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Republic of the Philistines

This article was written prior to the forum held at the Cultural Center of the Philippines (CCP) regarding the controversy over Mideo Cruz’s artwork, which was conducted last August 5, 2011. 

For a reaction to the forum by CCP’s Visual Arts Officer-in-Charge Karen Ocampo Flores, click here.


I must admit to writing this out of anger and out of fear. Just this morning, two individuals walked into the Cultural Center of the Philippines’ gallery housing the exhibit Kulo and proceeded to do the following:

The culprit/s wrote in BALLPEN on portions of the artworks, a pedestal, and walls, “EMEDEO [sic] SUMPAIN KA! BAKLA!” And then on another (unfortunate) artist’s work that had the word “MOVE,” he or she wrote, “TO HELL.” The culprit/s also hacked off the wooden penises from the cross installation.

– Tony Perez, via Facebook

This is the very same exhibit which the CBCP and its ally Pro-life Philippines’ President Eric Manalang demanded the closure of. When the CCP organized an open forum to discuss the matter with him and the museum going public, he proceeded to threaten to file a lawsuit against them the day before the forum.

I am deeply angry at the barbarians who perpetrated this shameless act of vandalism against public artworks, and I am afraid at the lengths to which people like them are willing to go for their so-called loving faith. If the CBCP or its allies fail to do anything less than totally condemn this barbaric action, then it will confirm my worst fears about how little value they put not only on freedom of expression, but on basic respect for other people’s lives, livelihood and property.

UPDATE: Ah. Color my fears confirmed, then:

Atty. Jo Imbong on CCP vandalism: “Now we see how a disordered act like an exhibit like that can fuel other disorders. Evil leads to more evils in its wake.” Imbong is from a Catholic lay group filing charges against the CCP and the artist. – Jeff Canoy over twitter (continuation)

Despite every effort made at civil accomodation, the CBCP and Pro-life Philippines have shown through their actions that they do not want discourse or discussion; they only want their demands met and their dictates obeyed.

The CCP has made a call for ‘respect and sobriety’, the full text of which can be found here (Facebook link). For this I am thankful, as it reminds me that there are still even-tempered, well-intentioned individuals who are willing to take a step back and consider the consequences of their actions and who those actions might hurt. I am thankful that through all this, there are those that still understand the value and meaning of respect.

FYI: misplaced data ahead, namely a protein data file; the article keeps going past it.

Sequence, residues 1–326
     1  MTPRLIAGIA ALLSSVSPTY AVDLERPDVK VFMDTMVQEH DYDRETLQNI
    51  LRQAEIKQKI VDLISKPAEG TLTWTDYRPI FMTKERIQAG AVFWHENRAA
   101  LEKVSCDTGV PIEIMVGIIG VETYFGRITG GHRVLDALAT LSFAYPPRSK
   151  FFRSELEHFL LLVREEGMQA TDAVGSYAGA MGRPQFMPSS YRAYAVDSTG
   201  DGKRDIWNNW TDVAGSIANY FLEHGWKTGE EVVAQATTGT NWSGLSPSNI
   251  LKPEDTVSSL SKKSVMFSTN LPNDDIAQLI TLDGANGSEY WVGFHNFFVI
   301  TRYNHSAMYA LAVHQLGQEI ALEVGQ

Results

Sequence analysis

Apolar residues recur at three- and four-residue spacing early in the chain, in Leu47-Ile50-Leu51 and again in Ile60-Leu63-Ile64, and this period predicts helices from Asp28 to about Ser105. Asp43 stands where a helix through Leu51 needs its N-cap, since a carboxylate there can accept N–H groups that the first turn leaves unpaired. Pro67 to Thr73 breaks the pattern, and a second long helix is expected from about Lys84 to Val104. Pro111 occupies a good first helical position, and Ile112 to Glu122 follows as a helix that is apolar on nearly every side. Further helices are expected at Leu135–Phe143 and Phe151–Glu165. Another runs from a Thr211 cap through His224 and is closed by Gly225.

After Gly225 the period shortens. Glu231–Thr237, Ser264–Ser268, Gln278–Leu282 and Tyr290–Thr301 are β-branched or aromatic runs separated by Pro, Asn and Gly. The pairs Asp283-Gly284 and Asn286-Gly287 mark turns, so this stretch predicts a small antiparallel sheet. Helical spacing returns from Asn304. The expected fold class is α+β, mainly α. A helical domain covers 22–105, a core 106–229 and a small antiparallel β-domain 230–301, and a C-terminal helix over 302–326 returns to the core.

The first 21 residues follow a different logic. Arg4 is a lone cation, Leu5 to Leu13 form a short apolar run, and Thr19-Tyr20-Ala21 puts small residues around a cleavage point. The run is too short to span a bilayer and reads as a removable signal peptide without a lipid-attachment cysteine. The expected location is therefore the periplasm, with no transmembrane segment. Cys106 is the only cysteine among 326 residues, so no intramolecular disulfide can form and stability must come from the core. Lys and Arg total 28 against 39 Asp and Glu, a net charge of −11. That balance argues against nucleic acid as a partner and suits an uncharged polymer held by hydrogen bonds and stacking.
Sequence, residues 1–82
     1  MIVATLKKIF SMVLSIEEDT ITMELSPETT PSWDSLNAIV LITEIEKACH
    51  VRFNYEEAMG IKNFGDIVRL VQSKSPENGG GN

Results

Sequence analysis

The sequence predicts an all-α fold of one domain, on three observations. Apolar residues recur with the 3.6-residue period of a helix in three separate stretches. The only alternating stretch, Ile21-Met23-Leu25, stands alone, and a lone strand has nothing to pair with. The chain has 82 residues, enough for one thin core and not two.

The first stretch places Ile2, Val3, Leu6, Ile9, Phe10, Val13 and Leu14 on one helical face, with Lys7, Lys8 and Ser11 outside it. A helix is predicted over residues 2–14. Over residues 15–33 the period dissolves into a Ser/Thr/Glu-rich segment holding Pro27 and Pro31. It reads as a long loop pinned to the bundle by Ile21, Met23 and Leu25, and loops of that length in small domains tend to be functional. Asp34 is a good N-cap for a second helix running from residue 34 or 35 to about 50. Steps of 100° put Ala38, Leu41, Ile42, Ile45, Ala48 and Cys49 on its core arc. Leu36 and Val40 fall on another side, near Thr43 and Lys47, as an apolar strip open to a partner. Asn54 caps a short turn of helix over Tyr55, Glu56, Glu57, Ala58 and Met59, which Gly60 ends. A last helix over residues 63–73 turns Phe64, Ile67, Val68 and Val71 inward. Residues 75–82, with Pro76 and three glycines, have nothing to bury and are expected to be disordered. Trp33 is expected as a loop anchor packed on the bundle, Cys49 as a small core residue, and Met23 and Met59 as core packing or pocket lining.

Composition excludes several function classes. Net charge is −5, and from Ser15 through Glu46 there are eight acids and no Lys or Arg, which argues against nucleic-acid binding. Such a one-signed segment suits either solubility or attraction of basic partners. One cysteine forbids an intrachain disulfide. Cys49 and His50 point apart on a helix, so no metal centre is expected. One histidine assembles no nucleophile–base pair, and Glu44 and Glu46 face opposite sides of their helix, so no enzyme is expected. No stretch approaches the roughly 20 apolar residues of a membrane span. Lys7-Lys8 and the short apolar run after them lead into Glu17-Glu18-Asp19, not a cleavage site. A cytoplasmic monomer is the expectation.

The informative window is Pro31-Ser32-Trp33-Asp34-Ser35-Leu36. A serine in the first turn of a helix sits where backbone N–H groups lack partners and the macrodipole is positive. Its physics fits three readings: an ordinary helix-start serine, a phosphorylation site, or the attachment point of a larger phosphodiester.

It’s because of people like these that I can believe we do not quite yet live in an actual Philistine Republic, though it seems increasingly apparent that that is exactly the sort of country that the CBCP and its allies wish us to become. For what else would their current strategy of promoting anti-intellectualism through throttling free expression be good for, if not to bring about a society where no one may think or dare to oppose them?

(Image taken from here)

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Atty. Jo Imbong on Imperialist, Non-Filipino RH Bill

Pre-colonial Filipino couple

The RH Bill did not come from Filipino legislators but from foreign organizations, Atty. Jo Imbong of the CBCP explained in English.

“It’s really introducing a different culture and replacing our own” — a culture which has been influenced by our Spanish, American, and Japanese colonizers — “with something else,” said Imbong.

“It is a cultural intrusion [in which] you supplant a beautiful thing with something that is alien,” said Imbong, possibly alluding to how our pre-Hispanic indigenous Malayo-Polynesian culture was supplanted with Spanish Catholicism.

Imbong and the CBCP oppose the RH Bill because it violates democratic rights — which originated in Greece — and religious freedom — which originated in Europe. They believe contraceptives are not a valid solution, let alone evil, consistent with the 1968 encyclical Humanae Vitae, which was promulgated by an Italian pope from Rome.

Instead of contraceptives, Imbong and the CBCP recommend natural family planning, a birth control method discovered and developed by individuals and institutions in the Netherlands, Japan, Austria, Australia, and the United States.

“It’s quite disturbing because our culture as it is,” said Imbong, “has very wholesome ideals, built on Christian values.” Christianity, a religion that began in Palestine, was influenced by Babylonian, Egyptian, Indian, and Chinese traditions, and was institutionalized as Roman Catholicism in Italy. It has evolved significantly thanks to theologians from all over the world, except the Philippines.